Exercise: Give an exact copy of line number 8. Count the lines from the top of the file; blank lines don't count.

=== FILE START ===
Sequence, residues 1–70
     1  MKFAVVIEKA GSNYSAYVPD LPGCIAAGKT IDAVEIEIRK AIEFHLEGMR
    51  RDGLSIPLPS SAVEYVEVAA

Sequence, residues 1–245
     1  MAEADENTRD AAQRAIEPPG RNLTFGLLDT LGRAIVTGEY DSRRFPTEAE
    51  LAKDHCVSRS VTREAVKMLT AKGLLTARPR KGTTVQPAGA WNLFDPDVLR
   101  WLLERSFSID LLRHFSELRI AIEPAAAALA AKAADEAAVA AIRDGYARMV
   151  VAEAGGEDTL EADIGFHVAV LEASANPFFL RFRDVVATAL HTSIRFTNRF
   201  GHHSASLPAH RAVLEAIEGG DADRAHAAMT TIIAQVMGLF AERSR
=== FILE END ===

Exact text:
   151  VAEAGGEDTL EADIGFHVAV LEASANPFFL RFRDVVATAL HTSIRFTNRF